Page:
Taken on January 11, 2017
Breiðarmerkursandur is the name of the beach and the “Sandur” part of the name denotes a desert. Indeed we were reminded of the “sand” all too often as Strong winds from the North battered the glacier ice sitting on the black sand waiting for the Ocean’s final say. This morning really was an interaction of all the elements as wind blasted sand at scalloped glacier ice and blew the tops off the Atlantic wave crests.
- 24 mm
- 15 seconds
Mode: AV mode with + 2 stops over (compensation +/-).
Focus: @ the f/22 hyperfocal mark. This was heavily weighted to the foreground.
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It was really horrible conditions that brought about this beauty. We were sand blasted and windswept on the black sand beach, day 2 of a 3 day tour. It is this weathering that makes such beautiful sculptures on the beach. It is the cloud of sand in the Southern sky that is extending our sunrise colours this morning.
This piece of glacier ice caught my eye because the “v-shape” gave it extra depth and there was warm light refracting through the thinner parts. The “v-shape” also acts as a frame – it frames the Ocean.
Because of the depth opportunities presented with this particular piece of ice, I had to get fairly close (my lens is about 20 cm from the ice). This meant using only 2 legs of my tripod and leaning the head against the ice chunk (like my previous image focus). Then I had a idea to shoot it with different apertures to show how aperture affects the sense of depth.
In my composition I wanted the “v-shape” to be balanced, kind of framing the central part of the ocean. I wanted to show the warm colours coming through the thin ice, so height adjustment was essential. I have overlapped the horizon 3 times with heads of ice, and these heads is overlap each other. This is a very strong depth cue.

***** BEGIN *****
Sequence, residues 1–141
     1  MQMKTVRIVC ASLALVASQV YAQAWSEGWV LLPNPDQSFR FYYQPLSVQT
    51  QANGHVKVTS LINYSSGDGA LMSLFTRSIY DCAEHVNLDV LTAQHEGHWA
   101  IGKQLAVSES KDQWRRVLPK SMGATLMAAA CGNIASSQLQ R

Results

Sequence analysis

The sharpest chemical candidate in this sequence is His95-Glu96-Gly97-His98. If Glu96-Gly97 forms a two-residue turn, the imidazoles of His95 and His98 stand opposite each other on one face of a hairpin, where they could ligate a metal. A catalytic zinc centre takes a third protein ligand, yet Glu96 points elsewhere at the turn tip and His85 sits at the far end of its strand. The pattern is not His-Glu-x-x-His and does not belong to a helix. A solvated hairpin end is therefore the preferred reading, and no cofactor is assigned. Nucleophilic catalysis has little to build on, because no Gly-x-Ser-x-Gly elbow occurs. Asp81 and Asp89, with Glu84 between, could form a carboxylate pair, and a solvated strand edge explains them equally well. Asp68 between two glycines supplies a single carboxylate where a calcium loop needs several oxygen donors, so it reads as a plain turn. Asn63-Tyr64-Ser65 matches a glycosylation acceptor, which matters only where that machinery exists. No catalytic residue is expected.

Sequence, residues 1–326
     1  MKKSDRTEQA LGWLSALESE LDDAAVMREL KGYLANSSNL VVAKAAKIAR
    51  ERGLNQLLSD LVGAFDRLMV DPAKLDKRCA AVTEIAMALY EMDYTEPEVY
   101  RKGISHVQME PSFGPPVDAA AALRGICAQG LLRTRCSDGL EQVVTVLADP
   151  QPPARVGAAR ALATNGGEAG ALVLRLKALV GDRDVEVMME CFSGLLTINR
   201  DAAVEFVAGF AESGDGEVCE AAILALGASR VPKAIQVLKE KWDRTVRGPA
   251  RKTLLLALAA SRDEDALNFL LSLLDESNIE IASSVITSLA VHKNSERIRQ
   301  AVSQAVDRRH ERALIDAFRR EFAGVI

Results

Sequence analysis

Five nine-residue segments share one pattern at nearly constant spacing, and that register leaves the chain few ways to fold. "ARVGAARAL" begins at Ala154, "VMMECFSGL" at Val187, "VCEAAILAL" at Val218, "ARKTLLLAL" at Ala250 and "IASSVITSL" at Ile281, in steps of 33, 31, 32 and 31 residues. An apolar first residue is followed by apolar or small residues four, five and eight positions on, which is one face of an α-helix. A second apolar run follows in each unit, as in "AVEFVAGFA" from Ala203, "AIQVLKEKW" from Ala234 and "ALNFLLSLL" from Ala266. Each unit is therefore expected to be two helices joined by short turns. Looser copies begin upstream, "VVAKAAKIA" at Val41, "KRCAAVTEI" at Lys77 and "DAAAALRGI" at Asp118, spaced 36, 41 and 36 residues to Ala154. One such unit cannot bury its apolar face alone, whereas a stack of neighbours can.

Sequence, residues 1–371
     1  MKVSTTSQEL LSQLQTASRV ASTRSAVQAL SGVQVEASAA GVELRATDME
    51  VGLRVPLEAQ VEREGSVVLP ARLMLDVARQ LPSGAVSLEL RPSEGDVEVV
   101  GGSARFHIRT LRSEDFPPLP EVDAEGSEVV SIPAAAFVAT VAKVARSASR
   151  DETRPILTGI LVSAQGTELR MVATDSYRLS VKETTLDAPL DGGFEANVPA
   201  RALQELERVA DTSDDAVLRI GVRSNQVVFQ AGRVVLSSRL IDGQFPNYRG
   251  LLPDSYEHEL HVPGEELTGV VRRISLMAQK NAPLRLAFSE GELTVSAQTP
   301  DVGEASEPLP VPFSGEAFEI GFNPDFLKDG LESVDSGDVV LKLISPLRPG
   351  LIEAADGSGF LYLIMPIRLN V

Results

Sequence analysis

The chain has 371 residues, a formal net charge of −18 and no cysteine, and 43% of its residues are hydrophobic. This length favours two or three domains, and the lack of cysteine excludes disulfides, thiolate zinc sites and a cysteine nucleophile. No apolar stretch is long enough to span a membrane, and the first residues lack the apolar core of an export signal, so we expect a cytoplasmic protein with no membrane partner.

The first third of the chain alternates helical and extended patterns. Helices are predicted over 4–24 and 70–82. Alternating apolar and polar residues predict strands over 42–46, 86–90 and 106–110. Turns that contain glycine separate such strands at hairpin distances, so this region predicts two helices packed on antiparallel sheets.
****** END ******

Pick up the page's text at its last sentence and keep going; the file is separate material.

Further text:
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Long exposure = 15 seconds.
Fifteen seconds gives me some room to play a little. My exposure challenges here are the darker ice at the bottom of the scene, very little light is getting through this thick glacial ice. At the top of the scene I have a fantastic colour sky, so I don’t really want to loose any potential there. Overlapping the sky is a header of thinner glacier ice that is allowing warm light through. This is going to be my main compromise, this piece of ice will have to have the same exposure as the sky (1 second). I can angle the cloth slightly to expose a little more, but I am not going to compromise that sky for anything ambitious. I don’t want to sacrifice and of those deep reds for the sake of a few Magic Cloth tricks.
The movement was a karate chop after a 1 second sky exposure. Then a very slow movement up towards the horizon (around 5 seconds). Then quickly back down and working the bottom corners for the remaining seconds.
You can see in the photo how the ice close to and above the horizon has received just a 1 second exposure (the same as the sky). These pieces of ice have more black than the rest of the ice (that was actually darker in reality). In post-processing, I have tried to redress the balance.
As the sun rose, I stopped to f/22 to achieve a more pronounced sun-star. The blades of the aperture mechanism dictate the shape of the sun-star.
Can you see how the sense of depth is not so strong at f/22 ? There is no variation in sharpness as your eye moves through the scene because everything is in focus. You could introduce some variation in focus in post-processing just to hep a little with the communication of depth.
Although the Northern lights require a long exposure, the object is often to reduce exposure time as much as possible to achieve a usable exposure and with minimal star trails.
Taken on July 17, 2011 on a photo tour through Iceland’s Southern Highlands (or Fjallabak – behind the mountains).